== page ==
11:54 am, Tuesday 6 December, 2011
This is according to a report provided by the Cancer Council in Western Australia which says that total compensation claims for skin cancer has increased to $4 million in 2008-2009 from $2 million in 2002-2002. More than 1,300 workers suffering from work-related injuries involving skin cancer claimed compensation between 2001 and 2009.
Cancer Council Australia’s occupational and environmental cancer risk committee chair Terry Slevin said that the findings should alarm employers. Mr. Slevin also said that a significant number of employers are still ignorant of the fact that ultraviolet radiation is an occupational health and safety concern. “The important message for employers is that all of the cost, stress and pain associated with these claims can be avoided.”
“My advice to anyone who employs people to work outdoors is to develop and institute sun-protected policies and procedures as a priority, or be prepared to face the legal and financial consequences down the track.”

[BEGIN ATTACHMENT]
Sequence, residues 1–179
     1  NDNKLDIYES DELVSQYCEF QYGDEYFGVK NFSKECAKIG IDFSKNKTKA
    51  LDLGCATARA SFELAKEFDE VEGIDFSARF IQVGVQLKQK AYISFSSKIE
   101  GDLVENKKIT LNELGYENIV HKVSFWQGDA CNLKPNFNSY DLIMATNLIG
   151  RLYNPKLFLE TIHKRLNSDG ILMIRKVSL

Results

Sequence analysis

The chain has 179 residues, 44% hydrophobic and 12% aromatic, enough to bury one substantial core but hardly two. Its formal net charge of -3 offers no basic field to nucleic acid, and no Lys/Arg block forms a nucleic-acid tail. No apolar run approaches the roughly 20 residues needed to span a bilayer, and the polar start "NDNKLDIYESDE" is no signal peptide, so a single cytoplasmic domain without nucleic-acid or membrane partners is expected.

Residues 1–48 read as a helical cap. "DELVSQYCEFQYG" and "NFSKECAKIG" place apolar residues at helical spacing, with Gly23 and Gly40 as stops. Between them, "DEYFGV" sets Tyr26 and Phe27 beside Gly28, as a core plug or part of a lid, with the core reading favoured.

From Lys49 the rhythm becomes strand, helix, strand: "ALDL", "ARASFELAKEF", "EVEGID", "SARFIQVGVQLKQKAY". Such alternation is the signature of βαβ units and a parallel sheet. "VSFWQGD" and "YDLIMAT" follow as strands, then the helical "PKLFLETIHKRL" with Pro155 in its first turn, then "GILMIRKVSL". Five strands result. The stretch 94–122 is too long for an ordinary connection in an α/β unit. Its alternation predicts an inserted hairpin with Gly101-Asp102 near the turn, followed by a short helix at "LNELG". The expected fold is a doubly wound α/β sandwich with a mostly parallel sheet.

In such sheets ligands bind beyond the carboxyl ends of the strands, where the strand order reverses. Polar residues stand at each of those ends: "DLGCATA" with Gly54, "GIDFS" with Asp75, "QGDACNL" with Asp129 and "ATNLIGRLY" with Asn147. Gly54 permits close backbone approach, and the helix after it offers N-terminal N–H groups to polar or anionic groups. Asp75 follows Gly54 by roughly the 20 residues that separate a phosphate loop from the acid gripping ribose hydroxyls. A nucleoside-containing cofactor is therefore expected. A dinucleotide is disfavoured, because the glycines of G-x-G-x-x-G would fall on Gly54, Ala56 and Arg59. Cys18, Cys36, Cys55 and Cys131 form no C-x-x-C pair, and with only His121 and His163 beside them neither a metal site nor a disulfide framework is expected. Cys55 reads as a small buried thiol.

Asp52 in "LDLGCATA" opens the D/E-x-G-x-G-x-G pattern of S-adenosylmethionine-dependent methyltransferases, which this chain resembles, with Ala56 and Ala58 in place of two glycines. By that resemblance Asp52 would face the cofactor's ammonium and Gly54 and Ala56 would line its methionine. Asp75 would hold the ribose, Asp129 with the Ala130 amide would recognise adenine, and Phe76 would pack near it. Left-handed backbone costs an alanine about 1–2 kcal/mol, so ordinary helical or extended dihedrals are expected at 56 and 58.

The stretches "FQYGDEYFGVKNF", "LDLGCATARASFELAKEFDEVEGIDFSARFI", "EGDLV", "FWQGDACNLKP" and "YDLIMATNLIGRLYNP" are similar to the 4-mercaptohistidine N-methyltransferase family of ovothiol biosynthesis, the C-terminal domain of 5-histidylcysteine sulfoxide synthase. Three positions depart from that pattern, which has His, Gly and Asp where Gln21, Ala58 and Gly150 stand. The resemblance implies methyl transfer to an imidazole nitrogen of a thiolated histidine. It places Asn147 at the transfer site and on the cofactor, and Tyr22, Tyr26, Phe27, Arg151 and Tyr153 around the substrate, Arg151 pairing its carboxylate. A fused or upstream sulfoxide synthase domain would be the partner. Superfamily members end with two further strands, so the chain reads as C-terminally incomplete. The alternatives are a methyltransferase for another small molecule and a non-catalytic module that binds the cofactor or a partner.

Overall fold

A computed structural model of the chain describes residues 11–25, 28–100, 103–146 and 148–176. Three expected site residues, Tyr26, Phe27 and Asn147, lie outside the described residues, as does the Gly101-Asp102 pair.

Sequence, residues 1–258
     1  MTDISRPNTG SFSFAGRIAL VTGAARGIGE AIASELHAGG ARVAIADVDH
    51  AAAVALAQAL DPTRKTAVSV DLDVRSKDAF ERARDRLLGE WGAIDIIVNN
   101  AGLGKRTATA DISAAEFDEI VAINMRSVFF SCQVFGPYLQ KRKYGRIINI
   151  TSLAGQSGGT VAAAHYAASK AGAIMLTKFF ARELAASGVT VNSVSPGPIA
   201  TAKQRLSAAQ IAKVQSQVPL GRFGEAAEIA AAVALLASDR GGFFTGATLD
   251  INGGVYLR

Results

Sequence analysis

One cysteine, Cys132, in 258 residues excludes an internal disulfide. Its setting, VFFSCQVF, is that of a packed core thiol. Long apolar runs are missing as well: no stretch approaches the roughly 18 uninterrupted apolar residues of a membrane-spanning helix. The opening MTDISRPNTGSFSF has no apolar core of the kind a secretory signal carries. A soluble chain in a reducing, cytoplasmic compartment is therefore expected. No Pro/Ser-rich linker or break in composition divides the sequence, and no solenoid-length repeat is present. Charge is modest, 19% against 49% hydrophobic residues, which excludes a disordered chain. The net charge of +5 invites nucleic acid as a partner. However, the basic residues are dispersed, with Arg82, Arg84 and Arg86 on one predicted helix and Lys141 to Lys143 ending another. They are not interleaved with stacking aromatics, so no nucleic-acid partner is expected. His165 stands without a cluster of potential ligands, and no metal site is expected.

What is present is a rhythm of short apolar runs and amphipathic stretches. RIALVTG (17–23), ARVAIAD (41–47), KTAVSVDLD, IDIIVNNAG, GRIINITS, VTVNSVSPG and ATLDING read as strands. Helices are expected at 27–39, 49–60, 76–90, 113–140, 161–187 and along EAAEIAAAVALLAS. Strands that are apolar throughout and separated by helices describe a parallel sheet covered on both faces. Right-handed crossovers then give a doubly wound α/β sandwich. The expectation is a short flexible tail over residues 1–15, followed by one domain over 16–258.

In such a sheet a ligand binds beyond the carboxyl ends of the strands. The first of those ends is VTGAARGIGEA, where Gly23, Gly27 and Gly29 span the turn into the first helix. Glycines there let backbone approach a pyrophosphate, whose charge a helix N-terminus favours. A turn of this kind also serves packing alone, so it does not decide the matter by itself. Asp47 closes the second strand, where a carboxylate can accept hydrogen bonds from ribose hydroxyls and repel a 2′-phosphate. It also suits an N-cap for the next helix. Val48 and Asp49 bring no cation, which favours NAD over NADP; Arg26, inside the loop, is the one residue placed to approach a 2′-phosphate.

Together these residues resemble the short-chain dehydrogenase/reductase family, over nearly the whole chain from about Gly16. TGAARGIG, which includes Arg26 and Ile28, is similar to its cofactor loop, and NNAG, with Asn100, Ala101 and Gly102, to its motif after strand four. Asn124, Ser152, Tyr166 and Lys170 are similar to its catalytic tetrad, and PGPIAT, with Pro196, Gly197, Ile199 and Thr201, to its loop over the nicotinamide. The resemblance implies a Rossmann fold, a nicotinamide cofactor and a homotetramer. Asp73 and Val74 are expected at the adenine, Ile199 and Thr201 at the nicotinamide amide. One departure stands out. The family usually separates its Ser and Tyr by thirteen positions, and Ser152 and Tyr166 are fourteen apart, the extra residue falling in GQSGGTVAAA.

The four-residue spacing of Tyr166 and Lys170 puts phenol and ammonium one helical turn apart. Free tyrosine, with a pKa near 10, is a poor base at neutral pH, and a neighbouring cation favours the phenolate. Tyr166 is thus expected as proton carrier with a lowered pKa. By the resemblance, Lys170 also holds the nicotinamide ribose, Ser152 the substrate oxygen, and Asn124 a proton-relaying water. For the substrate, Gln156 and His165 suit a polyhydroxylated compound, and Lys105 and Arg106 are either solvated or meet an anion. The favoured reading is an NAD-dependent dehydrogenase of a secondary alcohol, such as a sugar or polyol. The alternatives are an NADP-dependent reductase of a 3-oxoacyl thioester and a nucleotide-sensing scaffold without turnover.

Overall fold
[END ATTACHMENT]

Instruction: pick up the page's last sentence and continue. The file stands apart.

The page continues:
The Sydney Morning Herald reports that more than a third of Australian workers are exposed to direct sunlight while at work. About 200 melanomas, considered as the most deadly form of skin cancer, and 34,000 non-melanoma cancers develop every year due to workers’ exposure to ultraviolet radiation from the sun.
Mr. Slevin also says that more money is being spent in workers compensation than those spent on public education campaigns about the importance of sun protection.
“That highlights the need for greater investment in skin cancer prevention in Australia, where we still have the highest rates in the world,” said Mr. Slevin.